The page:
The War on The West

Retirement has permitted me to read books that I wouldn’t have had time when I was an active pastor.

I have essentially ended these once-weekly blog posts and will probably close down the Welcome to the Front Porch Swing in February when my contract renews.

Occasionally a book is so relevant that I want to share it with my former blog followers. However, I usually don’t share anything, but today I will.

The book, The War on The West, was an eye-opener. The author is Douglas Murray, an international bestseller. His latest book was released only a few months ago, and I predict it will be another bestseller. It ought to be. In fact, it ought to be required reading for every person concerned by the dramatic social, political changes that threaten to tear the fabric that once held us together as a nation. Or as a civilization.

Murray lays out evidence exposing the sinister effort to destroy all western civilization. Nothing is sacred anymore, it appears. Western art and music that has endured and been cherished is under attack simply because they are the product of white men and women.

If you want to understand contemporary issues such as woke, BLM etc., this book is a must read. The root goes far deeper than racism.

As we watch, statues and memorials that once honored great men and women are being toppled or defaced, if for no other reason than an ancestor might have benefited by slavery. I emphasize “might have”. Buildings on college campuses are being renamed. Even the statue of an elk in downtown Portland was not safe because it was on land that once belonged to native Americans.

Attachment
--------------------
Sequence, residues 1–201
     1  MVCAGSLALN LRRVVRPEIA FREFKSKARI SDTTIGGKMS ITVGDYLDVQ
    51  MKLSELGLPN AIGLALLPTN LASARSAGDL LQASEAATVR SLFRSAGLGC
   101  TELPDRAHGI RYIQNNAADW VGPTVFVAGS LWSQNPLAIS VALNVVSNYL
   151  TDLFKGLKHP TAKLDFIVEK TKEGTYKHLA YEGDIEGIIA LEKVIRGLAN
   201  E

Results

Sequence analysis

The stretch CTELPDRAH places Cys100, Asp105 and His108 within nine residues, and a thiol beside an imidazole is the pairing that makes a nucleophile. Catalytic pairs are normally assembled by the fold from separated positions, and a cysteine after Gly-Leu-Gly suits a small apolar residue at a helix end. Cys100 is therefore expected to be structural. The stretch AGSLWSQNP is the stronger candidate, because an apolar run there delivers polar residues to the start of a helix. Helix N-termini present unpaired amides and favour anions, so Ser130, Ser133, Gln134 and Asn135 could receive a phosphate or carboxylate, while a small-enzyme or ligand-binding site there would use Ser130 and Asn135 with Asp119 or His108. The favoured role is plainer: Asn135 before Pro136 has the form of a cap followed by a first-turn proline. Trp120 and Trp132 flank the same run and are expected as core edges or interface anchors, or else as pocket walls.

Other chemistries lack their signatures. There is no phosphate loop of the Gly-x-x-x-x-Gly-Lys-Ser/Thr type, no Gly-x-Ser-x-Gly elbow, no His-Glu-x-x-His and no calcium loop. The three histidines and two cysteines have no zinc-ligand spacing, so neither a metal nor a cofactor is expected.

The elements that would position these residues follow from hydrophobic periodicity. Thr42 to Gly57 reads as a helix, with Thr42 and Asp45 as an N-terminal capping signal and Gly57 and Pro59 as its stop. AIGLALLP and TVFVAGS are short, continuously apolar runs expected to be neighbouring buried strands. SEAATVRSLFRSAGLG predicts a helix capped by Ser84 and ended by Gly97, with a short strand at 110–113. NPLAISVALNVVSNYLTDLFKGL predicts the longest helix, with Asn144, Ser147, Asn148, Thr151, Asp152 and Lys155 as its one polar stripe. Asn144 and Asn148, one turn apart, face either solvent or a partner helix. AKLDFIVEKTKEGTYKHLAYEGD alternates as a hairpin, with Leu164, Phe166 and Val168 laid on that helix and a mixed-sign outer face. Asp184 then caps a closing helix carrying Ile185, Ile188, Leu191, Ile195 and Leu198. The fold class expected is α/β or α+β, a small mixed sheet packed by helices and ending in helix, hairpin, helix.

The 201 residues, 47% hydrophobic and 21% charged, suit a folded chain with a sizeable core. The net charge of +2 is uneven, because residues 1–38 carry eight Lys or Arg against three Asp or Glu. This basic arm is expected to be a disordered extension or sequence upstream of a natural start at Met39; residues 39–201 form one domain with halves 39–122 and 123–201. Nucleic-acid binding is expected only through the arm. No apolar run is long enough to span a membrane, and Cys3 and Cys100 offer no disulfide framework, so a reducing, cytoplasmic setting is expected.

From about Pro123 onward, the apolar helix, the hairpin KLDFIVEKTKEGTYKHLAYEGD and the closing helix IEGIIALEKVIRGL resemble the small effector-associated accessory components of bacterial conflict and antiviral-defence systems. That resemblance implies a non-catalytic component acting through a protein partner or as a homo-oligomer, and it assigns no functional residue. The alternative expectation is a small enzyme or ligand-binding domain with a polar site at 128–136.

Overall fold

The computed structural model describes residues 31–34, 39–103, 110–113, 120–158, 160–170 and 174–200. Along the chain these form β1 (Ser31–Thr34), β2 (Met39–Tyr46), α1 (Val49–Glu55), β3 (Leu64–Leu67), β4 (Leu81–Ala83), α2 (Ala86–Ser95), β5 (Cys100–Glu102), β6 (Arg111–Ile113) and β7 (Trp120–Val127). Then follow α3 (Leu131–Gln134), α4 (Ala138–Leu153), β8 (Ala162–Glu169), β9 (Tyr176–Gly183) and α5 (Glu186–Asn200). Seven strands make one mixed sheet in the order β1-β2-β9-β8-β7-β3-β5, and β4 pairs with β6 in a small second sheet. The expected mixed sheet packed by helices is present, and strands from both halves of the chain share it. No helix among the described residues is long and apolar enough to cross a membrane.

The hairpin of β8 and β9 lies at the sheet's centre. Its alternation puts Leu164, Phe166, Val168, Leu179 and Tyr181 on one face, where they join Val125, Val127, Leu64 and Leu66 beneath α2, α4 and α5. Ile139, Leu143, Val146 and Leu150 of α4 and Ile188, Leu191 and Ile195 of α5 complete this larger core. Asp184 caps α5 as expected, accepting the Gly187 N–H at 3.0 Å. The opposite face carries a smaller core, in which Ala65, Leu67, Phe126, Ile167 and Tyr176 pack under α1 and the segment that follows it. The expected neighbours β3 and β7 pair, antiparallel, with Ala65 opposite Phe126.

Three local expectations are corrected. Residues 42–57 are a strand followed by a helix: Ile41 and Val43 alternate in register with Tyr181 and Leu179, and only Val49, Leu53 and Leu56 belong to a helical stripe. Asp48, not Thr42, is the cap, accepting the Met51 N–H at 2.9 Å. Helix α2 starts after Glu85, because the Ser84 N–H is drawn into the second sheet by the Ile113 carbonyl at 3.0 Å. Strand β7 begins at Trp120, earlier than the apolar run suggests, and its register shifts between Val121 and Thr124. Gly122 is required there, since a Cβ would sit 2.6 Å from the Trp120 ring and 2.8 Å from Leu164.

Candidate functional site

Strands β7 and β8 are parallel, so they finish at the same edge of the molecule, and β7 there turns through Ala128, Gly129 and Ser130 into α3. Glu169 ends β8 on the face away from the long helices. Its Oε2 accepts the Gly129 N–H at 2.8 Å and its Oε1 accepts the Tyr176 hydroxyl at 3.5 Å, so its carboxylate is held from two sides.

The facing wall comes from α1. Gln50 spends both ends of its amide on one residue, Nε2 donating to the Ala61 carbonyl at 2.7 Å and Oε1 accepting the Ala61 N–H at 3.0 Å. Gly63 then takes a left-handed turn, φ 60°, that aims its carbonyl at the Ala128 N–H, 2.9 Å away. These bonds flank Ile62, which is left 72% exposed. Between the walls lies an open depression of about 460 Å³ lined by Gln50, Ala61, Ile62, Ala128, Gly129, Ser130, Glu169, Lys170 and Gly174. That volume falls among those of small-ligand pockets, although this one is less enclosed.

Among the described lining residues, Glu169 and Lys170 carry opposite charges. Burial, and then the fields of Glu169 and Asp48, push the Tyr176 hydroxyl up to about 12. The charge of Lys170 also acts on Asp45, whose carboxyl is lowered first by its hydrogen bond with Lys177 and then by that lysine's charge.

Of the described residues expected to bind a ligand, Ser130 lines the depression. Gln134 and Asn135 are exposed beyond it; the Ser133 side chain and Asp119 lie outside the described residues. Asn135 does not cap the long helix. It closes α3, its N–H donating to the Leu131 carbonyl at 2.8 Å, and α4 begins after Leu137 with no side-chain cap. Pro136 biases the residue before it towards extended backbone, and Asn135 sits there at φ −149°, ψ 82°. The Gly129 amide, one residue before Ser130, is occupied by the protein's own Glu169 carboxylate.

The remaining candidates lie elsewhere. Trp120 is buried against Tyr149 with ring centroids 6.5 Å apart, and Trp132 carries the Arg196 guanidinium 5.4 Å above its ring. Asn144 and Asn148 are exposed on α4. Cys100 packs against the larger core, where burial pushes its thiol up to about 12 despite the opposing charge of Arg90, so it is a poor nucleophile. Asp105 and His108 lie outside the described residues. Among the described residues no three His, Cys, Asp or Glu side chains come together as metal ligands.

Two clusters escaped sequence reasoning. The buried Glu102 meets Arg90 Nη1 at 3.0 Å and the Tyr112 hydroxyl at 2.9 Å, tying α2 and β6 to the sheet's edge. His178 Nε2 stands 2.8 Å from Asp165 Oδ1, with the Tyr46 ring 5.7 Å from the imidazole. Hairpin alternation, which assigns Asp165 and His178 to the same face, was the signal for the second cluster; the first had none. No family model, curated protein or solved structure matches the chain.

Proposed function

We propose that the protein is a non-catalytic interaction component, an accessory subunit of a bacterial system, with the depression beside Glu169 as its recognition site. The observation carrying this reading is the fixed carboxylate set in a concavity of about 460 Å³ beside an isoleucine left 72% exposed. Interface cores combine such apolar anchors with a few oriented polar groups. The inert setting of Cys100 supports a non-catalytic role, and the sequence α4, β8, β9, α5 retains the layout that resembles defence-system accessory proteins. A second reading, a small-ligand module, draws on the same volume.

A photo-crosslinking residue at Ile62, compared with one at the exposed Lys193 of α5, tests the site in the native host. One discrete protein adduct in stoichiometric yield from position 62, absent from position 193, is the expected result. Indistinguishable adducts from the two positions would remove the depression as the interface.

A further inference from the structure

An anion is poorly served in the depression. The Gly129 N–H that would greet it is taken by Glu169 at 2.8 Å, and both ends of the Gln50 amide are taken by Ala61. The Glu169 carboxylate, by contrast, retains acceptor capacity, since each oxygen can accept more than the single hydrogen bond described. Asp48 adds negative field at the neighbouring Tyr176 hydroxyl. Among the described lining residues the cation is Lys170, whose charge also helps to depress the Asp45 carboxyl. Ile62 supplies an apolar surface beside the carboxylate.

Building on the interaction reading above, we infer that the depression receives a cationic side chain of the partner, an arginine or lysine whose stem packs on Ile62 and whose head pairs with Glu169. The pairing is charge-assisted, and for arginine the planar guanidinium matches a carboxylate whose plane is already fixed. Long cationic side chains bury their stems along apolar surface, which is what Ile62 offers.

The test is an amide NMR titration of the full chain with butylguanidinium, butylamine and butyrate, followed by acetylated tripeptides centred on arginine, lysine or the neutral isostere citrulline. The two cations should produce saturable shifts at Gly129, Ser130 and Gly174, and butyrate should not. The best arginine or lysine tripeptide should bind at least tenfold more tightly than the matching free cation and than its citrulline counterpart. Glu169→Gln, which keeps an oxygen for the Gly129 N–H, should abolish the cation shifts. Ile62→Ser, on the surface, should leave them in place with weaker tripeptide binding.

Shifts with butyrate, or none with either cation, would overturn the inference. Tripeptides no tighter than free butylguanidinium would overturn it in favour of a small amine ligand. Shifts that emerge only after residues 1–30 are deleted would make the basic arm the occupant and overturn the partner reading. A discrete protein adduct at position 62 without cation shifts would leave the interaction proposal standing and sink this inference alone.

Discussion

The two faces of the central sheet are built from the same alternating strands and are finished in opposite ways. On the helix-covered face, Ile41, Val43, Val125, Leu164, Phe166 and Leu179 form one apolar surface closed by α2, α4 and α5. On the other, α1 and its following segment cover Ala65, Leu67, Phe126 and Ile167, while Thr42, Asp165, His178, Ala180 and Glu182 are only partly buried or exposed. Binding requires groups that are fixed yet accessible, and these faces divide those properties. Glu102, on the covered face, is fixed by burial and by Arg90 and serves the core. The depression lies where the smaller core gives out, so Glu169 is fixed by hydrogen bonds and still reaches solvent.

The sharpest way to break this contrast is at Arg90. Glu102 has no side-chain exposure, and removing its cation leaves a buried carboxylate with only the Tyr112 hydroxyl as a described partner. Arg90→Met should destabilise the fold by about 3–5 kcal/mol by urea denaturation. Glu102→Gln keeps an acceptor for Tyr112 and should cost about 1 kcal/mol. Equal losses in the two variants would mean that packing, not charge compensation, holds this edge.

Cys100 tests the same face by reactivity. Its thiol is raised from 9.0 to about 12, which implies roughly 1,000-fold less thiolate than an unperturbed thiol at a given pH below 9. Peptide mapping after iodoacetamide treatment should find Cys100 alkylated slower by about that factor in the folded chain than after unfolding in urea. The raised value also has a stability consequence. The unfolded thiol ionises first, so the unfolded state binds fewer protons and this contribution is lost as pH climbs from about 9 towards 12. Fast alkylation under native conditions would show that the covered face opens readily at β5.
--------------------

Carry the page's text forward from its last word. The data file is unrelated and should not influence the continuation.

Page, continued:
Yet, statues in honor of Karl Marx remain unmolested.

It is clear that much, if not most, of the anger supposedly driving this movement has nothing to do with slavery or race. The root goes far deeper than the death of a black man at the hands of a renegade cop.

Karl Marx, in personal letters to his friend, Friedrich Engels, are laced with racial slurs especially against Jews and blacks. Marx frequently tosses the “N” word around in his ranting. Yet, he is safe from all this madness.

We can determine the root of a tree by its fruit. The focus of Murray’s book is to expose the root that is driving this war against all western civilization.

Will they succeed?

Yes, unless enough people and enough corporations get enough courage to say, “enough!”

One final concept from Murray: He observes that there are no boats filled with migrants going south across the Mediterranean ocean. There are no masses of people crossing the Rio Grande going south to escape the United States of America.

Go figure.

The Air We Breathe

It is time to break my silence.

My focus has been on ministry in our local church over the past several months. Therefore, I have resisted writing new posts.

However, I recently discovered a book—so relevant—that I have read it a second time and have encouraged my friends to check it out for themselves. Now I want to share the challenge on the Front Porch Swing.